[Distutils] Improving distutils vs redesigning it (was people want CPAN)
david at ar.media.kyoto-u.ac.jp
Thu Nov 12 11:25:29 CET 2009
Tarek Ziadé wrote:
> The build and instalation scheme should be part of the API. If you
> look in sysconfig,
> you get most of the install schemes via the API. If anything is
> missing, tell us.
(I am reading the code there:
I have not tried running the code, but here is what I see missing:
- anything related to build (where are libraries put in the build
directory, where are the extensions put - necessary if you are
interested in inter-operating with make)
- I don't see the equivalent of
distutils.command.install.install_libbase and similar prefixes
- How can we retrieve the full customized install path ? I have not
found how I could use the code in sysconfig to solve the use case I have
written about before (related to retrieving install prefix).
> Now for the build I am not sure what you are trying to perform here.
This is always the same use-case: assuming you push the build to a 3rd
party tool like make, how can you make it work within distutils: build
directories, compiler options, etc... If you are familiar with
autootols, the idea could be similar in the sense that you would have a
Makefile.in, and a distutils command build_make would generate a
makefile, filling up the variables in makefile.in. You could also
imagine to put those variables in a separate file, which could be
queried from an API (using a makefile.in-like process for scons is not
very practical for example).
So the list of variables needed:
- everything in sysconfig (but available for any compiler, including
- any distutils command option. What is needed here is a way to
query the options given to command globally, that is the possibility to
access at any point in your setup.py every option of every command,
without running them as first as we have to do currently (like running
install_cmd within build_clib).
To be even more down to earth, here is how a scons call looks like on
linux for numscons:
-f numpy/core/SConstruct -I. scons_tool_path="" src_dir="numpy/core"
pkg_path="numpy/core" pkg_name="numpy.core" log_level=50
cc_opt=gcc cc_opt_path="/usr/bin" debug=0 f77_opt=gfortran
f77_opt_path="/usr/bin" cxx_opt=g++ cxx_opt_path="/usr/bin"
include_bootstrap=../../../../numpy/core/include bypass=0 import_env=0
To understand the weird relative paths, you need to be aware than scons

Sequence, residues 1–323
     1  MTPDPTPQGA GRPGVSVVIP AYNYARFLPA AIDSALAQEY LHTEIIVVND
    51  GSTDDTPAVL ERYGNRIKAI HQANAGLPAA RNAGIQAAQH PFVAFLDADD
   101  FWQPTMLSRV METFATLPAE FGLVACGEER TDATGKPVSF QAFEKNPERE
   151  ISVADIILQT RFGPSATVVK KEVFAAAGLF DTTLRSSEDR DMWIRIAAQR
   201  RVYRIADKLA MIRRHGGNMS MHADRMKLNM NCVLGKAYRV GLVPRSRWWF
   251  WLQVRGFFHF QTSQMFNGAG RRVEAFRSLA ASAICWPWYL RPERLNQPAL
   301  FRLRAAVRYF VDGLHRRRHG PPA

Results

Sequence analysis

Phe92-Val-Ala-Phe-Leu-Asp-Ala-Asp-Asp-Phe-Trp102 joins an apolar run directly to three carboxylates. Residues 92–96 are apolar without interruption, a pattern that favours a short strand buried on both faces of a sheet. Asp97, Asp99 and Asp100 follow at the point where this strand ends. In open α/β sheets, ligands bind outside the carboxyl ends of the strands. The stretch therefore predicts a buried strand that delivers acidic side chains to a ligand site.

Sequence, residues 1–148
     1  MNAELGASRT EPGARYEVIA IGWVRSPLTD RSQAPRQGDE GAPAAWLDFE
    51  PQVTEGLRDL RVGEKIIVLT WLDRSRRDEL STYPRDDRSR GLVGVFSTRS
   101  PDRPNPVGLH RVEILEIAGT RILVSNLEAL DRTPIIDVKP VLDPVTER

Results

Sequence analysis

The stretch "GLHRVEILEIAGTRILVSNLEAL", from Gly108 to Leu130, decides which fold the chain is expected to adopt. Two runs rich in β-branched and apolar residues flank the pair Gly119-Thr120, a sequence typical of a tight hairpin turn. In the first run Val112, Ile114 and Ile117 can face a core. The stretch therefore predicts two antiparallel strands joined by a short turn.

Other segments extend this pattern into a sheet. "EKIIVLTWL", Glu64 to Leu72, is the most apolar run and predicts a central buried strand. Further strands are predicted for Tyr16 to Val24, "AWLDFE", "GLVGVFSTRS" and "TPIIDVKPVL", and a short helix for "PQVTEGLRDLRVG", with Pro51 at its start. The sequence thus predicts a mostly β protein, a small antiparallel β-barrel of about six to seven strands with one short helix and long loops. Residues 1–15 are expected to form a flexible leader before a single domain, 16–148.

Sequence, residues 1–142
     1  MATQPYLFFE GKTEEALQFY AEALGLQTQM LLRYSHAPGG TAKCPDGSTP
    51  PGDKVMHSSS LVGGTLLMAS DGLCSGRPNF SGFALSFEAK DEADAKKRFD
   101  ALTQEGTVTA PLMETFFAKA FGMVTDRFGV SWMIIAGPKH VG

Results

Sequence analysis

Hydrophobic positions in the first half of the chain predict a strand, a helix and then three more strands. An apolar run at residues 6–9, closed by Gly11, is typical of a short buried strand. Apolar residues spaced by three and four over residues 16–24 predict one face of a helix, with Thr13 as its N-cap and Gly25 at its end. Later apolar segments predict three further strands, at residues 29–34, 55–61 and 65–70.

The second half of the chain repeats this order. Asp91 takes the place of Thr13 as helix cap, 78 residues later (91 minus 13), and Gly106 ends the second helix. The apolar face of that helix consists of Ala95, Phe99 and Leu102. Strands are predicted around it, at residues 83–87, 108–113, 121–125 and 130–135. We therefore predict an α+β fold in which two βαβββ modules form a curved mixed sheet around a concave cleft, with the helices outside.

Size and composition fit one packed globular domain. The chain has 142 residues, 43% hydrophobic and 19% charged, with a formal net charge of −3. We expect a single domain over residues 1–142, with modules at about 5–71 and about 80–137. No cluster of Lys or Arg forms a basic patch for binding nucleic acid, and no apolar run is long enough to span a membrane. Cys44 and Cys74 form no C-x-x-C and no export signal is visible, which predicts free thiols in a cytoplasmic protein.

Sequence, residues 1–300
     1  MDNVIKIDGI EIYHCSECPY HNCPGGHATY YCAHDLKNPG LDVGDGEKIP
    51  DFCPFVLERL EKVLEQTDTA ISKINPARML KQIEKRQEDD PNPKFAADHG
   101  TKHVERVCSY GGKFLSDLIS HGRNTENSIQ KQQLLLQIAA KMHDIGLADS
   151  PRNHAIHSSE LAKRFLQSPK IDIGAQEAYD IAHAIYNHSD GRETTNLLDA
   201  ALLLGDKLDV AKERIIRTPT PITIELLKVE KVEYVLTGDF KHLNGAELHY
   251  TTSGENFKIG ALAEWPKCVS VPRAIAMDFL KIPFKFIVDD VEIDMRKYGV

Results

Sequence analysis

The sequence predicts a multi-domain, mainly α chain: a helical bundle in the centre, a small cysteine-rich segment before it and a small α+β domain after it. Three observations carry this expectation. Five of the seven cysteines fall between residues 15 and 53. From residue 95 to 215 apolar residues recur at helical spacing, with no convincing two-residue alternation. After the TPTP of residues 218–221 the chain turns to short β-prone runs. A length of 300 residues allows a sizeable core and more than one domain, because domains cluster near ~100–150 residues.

(and waf) consider all the paths relatively to a build directory. Scons
copy the sources files in the build directory (this is an
oversimplification, but should be enough for this discussion). For
example, here, we build the package numpy.core, so it looks like
(relatively to the top setup.py file):
/build/lib.linux-i686-2.6/ # where distutils would put all the
compiled code if build_ext were used
/build/scons/ # any code generated by scons is put here
numpy/core # the build directory for the current package
We pass the following informations:
* distutils_libdir: where distutils put/expects python extensions
(which is replaced by current directory + the src_dir in case of
* distutils_install_prefix: install prefix + subpackage path. Where
the extensions would be installed
* distutils_clibdir: where disstutils put/expects pure C libraries (the
ones built through build_clib)
* numscons also encode compilation options in .ini-like files
(regularly auto-generated from the info at sysconfig). The idea is that
if someone wants to modify the flags, there is no need to touch any
Right now, I have to reimplement the distutils code to find those, as
the logic is not available through API. Generally, the build directories
are only known through the corresponding build_* commands, but they
become available only after running the commands, which we want to avoid.
> And I made a proposal for this last one too in this thread. But, like
> the Extensions proposal I have made,
> you seem not to hear them.
Because I genuinely don't understand why it is required not to replace
distutils but it is ok to change its behavior in a fundamental way. For
some reasons (which may well just be my own fault), I fail to see any
reason to start from existing code, publicly and widely used, if it is
ok to break it and change its behavior, especially if it will be done
several times. I was not at Pycon, so there may have been some other
requirements I have missed.
> Sorry, but that's pretty vague. Are you mentioning the changes in
> build_ext, or something else ?
For 2.6.3, yes. For python 2.6, the mingw support was broken because of
VS manifests; our fortran tools were broken because the msvc compiler
was change (to msvc9compiler). There were also some other changes
related to install directories and the --local option in 2.6 which
caused issues. Several setuptools have also broken various parts of our
own extensions in the past. If you really need to know the details for
the last ones, I can look back in our svn log.
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